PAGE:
[0032] A fluid-induced instability condition can be characterized at least in part, by a type of self-excited vibration that can arise as a result of a component (the rotor, for example) interacting abnormally with a surrounding fluid in an enclosed space. The surrounding fluid can be lubricating oil that lubricates various bearings and seals in the rotor, or can be a process fluid (such as a hot gas) that is used to operate the rotor.

[0033] The self-excited vibration can occur as a result of various factors, such as a change in the characteristics of the lubricating oil (a high level of water content, a change in viscosity, and/or a change in pressure, for example); a change in clearance between two elements (between a bearing and a shaft, for example); and/or an increase in surface roughness of a part (such as a rotor journal or a bearing surface that is in contact with the lubricating oil).

[0034] In another example, the broadband vibration parameter can pertain to a combination of the frequency of vibration attributable to the about 3600 rpm of the rotor and at least one other frequency of vibration which is different from the running speed of the turbomachine.

[0035] Under normal conditions, the broadband vibration parameter can be attributed predominantly to the running speed vibration component but when there is an abnormality (such as a disturbance in lubricating film flow parameters, a disturbance in process fluid flow parameters, and/or a fixed part vibrating at an abnormal frequency), the abnormality can cause a change in the broadband vibration parameter. The change in the broadband vibration parameter can be indicative of a fluid induced instability condition that can be detected in accordance with the disclosure.

[0036] The data that is provided to the fluid induced instability detection system 115 by the various sensors is processed in real-time by a client computer 250 that can be a part of the fluid induced instability detection system 115. Real-time processing is significant because it can be carried out when the turbomachine 105 is in operation so as to obtain vibration data indicative of potential fault conditions prior to occurrence of one or more faults.

[0037] The real-time processing can be characterized in at least one another implementation, by a data analysis that is performed by the client computer 250 at a pre-determined sampling rate or by using a pre-determined resolution parameter (1 second time interval, for example). When the data analysis indicates an abnormality and/or an anomaly in the vibration characteristics of the turbomachine 105, the client computer 250 transmits a notification (a message, for example) via the communication network 255 to a server computer 260. The server computer 260 can respond to the message by providing a warning to a human operator via the graphical user interface 261.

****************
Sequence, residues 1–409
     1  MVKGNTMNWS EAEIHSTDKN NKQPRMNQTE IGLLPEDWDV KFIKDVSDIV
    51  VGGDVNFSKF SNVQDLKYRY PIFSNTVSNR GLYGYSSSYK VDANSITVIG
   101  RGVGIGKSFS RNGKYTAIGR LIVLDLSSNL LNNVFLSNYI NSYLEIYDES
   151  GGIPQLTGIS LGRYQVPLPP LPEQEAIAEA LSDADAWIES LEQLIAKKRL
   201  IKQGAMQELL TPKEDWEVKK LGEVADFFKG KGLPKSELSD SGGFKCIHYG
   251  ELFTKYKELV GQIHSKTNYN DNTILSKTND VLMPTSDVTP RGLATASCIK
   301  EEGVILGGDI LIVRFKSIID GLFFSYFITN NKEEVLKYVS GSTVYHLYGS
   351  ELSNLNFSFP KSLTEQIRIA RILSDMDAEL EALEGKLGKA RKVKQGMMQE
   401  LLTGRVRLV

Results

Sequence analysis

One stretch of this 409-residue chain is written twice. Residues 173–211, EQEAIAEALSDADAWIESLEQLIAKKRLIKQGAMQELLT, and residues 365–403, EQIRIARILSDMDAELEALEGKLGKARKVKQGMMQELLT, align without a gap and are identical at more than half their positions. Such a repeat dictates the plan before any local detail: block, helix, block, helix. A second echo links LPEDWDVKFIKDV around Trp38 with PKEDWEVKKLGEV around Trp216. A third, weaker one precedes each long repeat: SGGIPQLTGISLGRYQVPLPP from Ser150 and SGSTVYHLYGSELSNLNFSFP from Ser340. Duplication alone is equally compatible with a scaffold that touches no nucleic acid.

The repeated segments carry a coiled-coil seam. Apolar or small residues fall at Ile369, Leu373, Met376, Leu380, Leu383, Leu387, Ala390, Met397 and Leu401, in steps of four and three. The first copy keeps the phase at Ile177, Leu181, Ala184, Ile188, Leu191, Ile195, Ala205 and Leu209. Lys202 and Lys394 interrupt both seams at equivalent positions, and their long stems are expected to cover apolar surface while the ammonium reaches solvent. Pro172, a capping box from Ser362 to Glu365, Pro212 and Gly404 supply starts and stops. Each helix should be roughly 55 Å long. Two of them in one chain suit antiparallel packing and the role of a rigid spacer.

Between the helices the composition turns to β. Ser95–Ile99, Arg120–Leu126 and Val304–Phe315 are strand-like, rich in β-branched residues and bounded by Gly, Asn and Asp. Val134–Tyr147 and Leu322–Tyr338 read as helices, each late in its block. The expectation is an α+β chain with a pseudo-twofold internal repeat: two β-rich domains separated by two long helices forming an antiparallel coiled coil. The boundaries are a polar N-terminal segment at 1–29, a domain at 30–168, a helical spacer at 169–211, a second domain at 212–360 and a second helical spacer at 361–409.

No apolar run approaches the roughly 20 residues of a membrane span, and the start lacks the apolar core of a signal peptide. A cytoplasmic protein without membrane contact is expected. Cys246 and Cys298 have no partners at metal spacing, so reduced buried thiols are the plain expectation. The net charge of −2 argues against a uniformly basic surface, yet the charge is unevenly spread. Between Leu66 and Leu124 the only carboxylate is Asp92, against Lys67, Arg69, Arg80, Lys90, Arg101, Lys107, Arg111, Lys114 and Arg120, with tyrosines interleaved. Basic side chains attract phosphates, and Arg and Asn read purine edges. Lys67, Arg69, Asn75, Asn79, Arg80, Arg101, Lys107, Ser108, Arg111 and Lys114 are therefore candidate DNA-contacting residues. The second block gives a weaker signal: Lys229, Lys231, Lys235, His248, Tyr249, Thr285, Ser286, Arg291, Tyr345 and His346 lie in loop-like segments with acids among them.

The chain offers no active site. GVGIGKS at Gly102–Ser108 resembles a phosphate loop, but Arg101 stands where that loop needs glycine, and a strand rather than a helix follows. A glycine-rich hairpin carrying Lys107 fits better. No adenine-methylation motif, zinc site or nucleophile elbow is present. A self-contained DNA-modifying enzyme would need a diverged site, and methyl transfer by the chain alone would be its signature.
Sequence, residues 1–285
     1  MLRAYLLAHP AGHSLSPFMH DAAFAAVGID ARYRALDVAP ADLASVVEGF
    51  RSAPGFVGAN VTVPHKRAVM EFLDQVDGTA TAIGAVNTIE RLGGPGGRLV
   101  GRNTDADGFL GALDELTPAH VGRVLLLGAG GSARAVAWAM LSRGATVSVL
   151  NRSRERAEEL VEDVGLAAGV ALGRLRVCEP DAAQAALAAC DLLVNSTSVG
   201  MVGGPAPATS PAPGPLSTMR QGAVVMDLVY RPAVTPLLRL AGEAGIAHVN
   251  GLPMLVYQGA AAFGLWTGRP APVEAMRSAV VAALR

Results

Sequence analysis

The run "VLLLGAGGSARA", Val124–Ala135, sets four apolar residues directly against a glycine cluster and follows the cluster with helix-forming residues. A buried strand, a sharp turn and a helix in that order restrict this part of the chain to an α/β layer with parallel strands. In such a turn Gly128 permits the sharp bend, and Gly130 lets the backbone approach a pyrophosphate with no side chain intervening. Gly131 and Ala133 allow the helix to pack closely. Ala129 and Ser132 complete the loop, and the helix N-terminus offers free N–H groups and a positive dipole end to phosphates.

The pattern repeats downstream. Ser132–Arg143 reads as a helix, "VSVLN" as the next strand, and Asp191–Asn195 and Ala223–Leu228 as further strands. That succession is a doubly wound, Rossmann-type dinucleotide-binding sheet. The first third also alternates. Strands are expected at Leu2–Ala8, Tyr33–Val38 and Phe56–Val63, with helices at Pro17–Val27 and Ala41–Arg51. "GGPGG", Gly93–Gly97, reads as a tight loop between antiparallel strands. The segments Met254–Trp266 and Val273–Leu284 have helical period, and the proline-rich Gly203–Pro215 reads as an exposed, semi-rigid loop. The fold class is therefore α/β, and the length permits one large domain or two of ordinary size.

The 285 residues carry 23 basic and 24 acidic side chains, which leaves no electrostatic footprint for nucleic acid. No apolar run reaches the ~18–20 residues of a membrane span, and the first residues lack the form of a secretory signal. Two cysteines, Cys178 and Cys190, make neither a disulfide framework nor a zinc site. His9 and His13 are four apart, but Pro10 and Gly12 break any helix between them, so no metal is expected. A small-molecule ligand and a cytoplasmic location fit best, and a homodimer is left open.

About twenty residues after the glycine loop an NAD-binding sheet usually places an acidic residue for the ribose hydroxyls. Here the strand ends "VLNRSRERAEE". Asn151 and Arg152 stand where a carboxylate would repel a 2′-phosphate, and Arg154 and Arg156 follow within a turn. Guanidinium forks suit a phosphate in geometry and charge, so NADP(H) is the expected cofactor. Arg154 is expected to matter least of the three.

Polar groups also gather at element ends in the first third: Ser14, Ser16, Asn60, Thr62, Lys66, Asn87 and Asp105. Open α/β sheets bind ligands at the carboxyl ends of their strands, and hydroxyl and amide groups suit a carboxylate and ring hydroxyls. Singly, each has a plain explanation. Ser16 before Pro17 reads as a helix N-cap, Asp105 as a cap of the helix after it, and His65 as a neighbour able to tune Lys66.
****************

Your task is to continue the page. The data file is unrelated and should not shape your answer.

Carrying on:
[0038] In another example implementation, the client computer 250 can transmit a signal to activate a warning light or a bell, or can display a warning message on a graphical user interface associated with the client computer 250. The client computer 250 can also be configured to transmit to the server computer 260, raw data received from the sensors in the turbomachine 105 in unprocessed form or after partial processing. The server computer 260 can process the raw data, independently or in cooperation with the client computer 250, to derive various results including indications of one or more vibration anomalies when the turbomachine is in operation.

[0039] The communication network 255 can be one of various networks, such as a local area network, a wide area network, a corporate network, or the Internet. Other client computers associated with other fluid induced instability detection systems such as the fluid induced instability detection system 115 can also provide sensor data to the server computer 260 via the communication network 255.

[0040] The sensor data provided by the various fluid induced instability detection systems can be used to carry out group-based analysis, which can include various types of comparative analysis and evaluation of vibration abnormalities and/or anomalies in one or more than one of the various fluid induced instability detection systems.

[0041] Attention is next drawn to FIG. 3, which illustrates some components that may be included in the fluid induced instability detection system 115.

[0042] The sensor interface 305, which is provided to receive sensor data via the link 102, can include various components, such as one or more of a receiver, a signal amplifier, and an analog-to-digital converter (ADC). The sensor interface 305 forwards the received data to a monitoring system 310 that analyzes the sensor data to detect vibration abnormalities or anomalies. A historical database 315 can be used by the monitoring system 310 for this purpose. Upon detecting an abnormal condition in the turbomachine 105 based on the data analysis, the monitoring system 310 transmits some data pertaining to the abnormal condition to an alarm generator 320. The alarm generator 320 can apply various thresholds to determine a degree of criticality of the abnormal condition and forward a notification (a message indicating a low-level warning, a high-level warning, or a critical-level warning, for example) to the client computer 250 for forwarding to the server computer 260 via link 103. In addition to, or in lieu of, transmitting the notification to the client computer 250, the alarm generator 320 can transmit the notification to a user interface 330 (a local device) that can be accessed by a human operator (via link 302) and can provide warning signals to a user display and/or to an alarm indicator (bell, light, etc.) (via link 303).